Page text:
Fellin, 2001).

Vertical Links as “Windows on the World.” The pioneering work of Roland
Warren (1971; 1977; 1978) provides a powerful and provocative concept for an-
alyzing communities in terms of their horizontal and vertical patterns. The hori-
zontal pattern is understood to be an “interactional field” that viewed
community as the aggregate of people and organizations occupying a geo-
graphic area whose interactions represent systemic interconnections (1978). He
explicitly stated that the interactional arena was of social rather than physical
space. The importance of vertical ties was that they linked community units to
units outside the community, or to the macro system and thus to the larger soci-
ety and culture. Such ties could have a number of aspects that were economic,
thought systems or ideologies, economic roles or occupations, technologies,
public behavior, common values and norms, patterns of land use, social stratifi-
cation, power structures, organizational linkages, and social problems (Warren,
1978, pp. 432-437).

Elizabeth A. Mulroy 83

The concept of a vertical pattern of ties is an intriguing idea to me because it
introduces this question: To what extent does the strength of a community’s ver-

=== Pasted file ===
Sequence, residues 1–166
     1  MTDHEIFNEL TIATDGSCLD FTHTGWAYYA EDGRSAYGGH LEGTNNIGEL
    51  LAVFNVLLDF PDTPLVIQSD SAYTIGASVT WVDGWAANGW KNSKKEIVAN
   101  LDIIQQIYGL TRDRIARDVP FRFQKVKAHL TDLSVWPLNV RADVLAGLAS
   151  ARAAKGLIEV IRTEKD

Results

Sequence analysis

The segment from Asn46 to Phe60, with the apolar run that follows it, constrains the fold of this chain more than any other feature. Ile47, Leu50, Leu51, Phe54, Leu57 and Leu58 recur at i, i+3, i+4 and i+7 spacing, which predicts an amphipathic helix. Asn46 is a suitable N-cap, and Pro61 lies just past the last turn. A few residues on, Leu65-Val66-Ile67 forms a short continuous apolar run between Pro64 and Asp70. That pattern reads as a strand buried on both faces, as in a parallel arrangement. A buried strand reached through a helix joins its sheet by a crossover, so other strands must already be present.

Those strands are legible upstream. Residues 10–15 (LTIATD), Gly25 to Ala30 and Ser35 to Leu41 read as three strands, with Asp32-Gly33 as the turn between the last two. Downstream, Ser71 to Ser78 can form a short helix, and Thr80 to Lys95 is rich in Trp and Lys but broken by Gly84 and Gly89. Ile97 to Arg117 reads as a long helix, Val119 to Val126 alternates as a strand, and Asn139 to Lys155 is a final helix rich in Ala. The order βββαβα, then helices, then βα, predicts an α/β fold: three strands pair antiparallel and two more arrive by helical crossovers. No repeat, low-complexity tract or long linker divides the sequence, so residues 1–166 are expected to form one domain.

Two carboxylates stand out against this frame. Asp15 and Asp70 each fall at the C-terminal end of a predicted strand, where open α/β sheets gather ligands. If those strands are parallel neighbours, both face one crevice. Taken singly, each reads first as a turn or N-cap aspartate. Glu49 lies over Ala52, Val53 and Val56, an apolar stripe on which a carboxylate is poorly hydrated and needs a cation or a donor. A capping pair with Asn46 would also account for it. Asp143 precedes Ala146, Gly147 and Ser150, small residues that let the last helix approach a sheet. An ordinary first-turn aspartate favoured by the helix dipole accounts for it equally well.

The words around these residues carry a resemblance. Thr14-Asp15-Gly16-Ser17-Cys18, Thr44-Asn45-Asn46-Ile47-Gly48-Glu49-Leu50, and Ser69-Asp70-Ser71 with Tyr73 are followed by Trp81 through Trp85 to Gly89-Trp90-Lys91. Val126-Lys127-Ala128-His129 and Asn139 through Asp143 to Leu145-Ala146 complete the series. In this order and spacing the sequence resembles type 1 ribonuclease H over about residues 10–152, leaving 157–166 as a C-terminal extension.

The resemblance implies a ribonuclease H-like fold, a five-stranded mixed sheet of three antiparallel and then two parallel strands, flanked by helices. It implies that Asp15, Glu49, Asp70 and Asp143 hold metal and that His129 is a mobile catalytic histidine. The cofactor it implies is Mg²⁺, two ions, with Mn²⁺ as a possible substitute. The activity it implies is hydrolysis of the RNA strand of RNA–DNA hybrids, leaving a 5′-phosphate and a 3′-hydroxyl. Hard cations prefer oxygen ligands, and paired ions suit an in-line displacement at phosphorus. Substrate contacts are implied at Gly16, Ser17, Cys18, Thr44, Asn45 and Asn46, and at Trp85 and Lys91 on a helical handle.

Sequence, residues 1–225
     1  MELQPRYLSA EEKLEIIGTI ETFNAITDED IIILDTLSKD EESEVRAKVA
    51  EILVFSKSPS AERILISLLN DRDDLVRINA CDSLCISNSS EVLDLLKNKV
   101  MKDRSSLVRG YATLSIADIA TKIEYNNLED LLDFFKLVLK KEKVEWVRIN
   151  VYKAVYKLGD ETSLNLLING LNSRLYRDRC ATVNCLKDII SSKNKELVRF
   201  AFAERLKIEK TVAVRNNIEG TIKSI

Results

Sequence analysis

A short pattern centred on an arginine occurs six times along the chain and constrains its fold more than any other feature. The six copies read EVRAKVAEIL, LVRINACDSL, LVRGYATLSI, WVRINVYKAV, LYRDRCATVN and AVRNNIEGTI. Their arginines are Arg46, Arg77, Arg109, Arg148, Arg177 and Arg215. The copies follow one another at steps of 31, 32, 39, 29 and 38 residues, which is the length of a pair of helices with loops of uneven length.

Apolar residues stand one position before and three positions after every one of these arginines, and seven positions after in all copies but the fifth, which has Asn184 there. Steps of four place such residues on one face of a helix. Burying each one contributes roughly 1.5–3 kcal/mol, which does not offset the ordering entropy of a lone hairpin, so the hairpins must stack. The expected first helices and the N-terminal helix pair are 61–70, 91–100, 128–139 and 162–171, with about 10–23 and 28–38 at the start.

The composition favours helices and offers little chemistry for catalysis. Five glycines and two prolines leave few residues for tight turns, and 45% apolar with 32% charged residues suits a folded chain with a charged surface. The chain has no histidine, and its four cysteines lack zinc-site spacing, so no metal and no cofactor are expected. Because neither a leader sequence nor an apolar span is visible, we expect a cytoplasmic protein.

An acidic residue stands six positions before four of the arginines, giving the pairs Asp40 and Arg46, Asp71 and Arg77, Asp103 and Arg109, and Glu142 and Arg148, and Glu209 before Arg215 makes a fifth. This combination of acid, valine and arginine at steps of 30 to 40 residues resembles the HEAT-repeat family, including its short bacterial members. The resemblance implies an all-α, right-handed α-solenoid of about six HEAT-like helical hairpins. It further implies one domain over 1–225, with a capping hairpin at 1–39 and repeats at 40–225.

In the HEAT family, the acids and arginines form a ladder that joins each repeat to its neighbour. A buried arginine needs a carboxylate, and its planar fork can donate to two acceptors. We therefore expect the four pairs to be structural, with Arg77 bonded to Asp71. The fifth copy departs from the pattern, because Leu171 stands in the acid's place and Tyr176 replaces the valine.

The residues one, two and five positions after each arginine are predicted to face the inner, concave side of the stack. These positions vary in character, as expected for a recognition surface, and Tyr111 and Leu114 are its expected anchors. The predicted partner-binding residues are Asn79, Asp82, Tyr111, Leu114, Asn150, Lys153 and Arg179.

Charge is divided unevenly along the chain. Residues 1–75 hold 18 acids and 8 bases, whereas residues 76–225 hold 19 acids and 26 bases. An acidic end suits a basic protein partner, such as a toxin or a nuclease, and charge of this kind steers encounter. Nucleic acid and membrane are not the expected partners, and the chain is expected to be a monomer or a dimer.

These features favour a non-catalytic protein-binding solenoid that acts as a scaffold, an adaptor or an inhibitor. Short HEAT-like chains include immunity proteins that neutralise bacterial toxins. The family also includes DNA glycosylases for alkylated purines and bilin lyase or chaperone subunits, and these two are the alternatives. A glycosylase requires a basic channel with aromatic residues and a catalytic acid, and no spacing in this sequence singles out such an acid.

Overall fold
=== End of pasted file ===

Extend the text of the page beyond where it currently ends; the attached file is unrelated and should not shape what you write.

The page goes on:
tical ties determine the resources and support it gets from national, state, city, or
county sources in an increasingly global economy? My interest in this question
launched the trajectory of my own research based on the macro system ap-
proach. I have attempted to systematically analyze relationships between as-
pects of the macro system and community subunits (see for example, Mulroy,
2000; 1997; 1995a; 1988; Mulroy & Shay, 1997; Mulroy & Shay, 1998; Mulroy &
Lauber, 2002). The reported findings suggest that a community’s physical envi-
ronment is tightly linked with the social environment; patterns of land use such
as urban sprawl can determine the status of a community’s health and the
well-being of its residents; and in the global economy economic decisions made
by multi-national firms with no national or local community affiliation or loy-
alty profoundly affect both. The gentrification of a community will serve to il-
lustrate these concepts.

Example: Gentrification. Staying with the theme of neighborhood and con-
centrated poverty introduced at the beginning of the paper, the concept of gentri-
fication is used to illustrate two main points; namely the decline of urban
neighborhoods and urban sprawl.

First, the decline of many urban neighborhoods was part of a larger pattern of
urbanization and sprawl that occurred over decades. Federal and state housing
and urban policies, for example, are examples of vertical links that attempted to
respond to urban blight in inner city neighborhoods and central business districts
by targeting deteriorating commercial districts and residential neighborhoods
for revitalization. Housing is a connector between the physical and social envi-
ronments in all neighborhoods, including those targeted for gentrification.